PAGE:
Winning the Buy Box

Depending on your product, you may be dealing with a lot of competition. There’s no point in driving traffic to a listing to have a competitor win the sale. Spend some time ensuring your inventory is sufficient and that you are priced competitively before running Amazon Ads. 

What is the Amazon Buy Box?

Examples of the Amazon Buy Box. For vendors, it will say “sold by Amazon.” For sellers, it will say your brand name and “Fulfilled by Amazon.”

If you are not winning the Buy Box, work on improving your content and overall retail readiness before investing in advertising.

Optimise your Amazon Advertising strategy

Checked off all of your retail readiness initiatives? You’re ready to invest in Amazon Advertising, driving customers to purchase your products rather than a competitor’s. eCommerce Nurse’s expanded range of services now includes in-house management of the Amazon Advertising platform for both sellers and vendors.

Amazon Sponsored Brands ads

Amazon Sponsored Brands advertisement example. This type of ad features multiple products, showcases star ratings and reviews, and links to a Brand Store.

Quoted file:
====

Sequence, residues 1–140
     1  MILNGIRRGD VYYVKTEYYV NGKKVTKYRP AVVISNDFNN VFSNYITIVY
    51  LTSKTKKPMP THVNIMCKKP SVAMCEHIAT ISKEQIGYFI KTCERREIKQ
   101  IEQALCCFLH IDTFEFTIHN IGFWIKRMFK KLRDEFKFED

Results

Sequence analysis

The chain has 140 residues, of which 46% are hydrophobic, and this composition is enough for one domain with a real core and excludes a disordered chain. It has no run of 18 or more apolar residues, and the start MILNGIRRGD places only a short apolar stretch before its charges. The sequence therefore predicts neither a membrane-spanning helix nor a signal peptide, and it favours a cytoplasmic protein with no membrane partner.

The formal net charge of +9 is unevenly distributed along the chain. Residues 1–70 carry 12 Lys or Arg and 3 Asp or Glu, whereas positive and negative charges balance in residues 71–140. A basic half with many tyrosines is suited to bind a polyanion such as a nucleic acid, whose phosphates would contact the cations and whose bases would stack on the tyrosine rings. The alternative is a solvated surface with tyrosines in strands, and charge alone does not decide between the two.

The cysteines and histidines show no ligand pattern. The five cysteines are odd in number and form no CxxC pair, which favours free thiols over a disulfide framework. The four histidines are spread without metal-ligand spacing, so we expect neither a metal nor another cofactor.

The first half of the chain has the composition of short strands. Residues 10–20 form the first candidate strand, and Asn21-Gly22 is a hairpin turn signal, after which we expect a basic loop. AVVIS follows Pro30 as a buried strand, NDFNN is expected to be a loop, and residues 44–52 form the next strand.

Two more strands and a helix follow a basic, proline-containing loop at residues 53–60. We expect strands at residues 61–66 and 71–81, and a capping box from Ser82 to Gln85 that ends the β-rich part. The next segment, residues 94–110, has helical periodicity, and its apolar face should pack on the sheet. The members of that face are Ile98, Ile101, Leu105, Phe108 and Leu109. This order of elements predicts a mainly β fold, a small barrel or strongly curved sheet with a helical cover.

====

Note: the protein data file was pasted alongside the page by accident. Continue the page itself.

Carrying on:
Advertising is crucial to success on Amazon. Using ads correctly allows you to attract new customers, engage shoppers, and strategically re-target customers at all stages of the shopping cycle. Our dedicated advertising team can help you get the best ROI and ensure your success on Amazon.

To fully optimise your advertising and marketing strategy, you will need to take retail readiness steps. Successful marketing includes a comprehensive advertising strategy, but prior to working on that, you need clear messaging, strong visuals, and a call to action. Retail readiness is about making sure the browsing customer becomes the buying customer.

We’d love to hear from you and be part of your Amazon journey. Our team of ex-Amazonians and Amazon experts are ready to help you with all parts of the process, including listing optimisation, enhanced content, translations, account management, and paid media services. Please contact us for more information.

Katy Luxem

Katy Luxem

Katy Luxem is the content manager for eCommerce Nurse. She has worked for Amazon in both Seattle and London, delivering results for multiple different teams and product lines across the U.S. and Europe. Katy's experience is focused on making sure customers have a best-in-class experience. She enjoys helping businesses and brands succeed and grow with next-level content.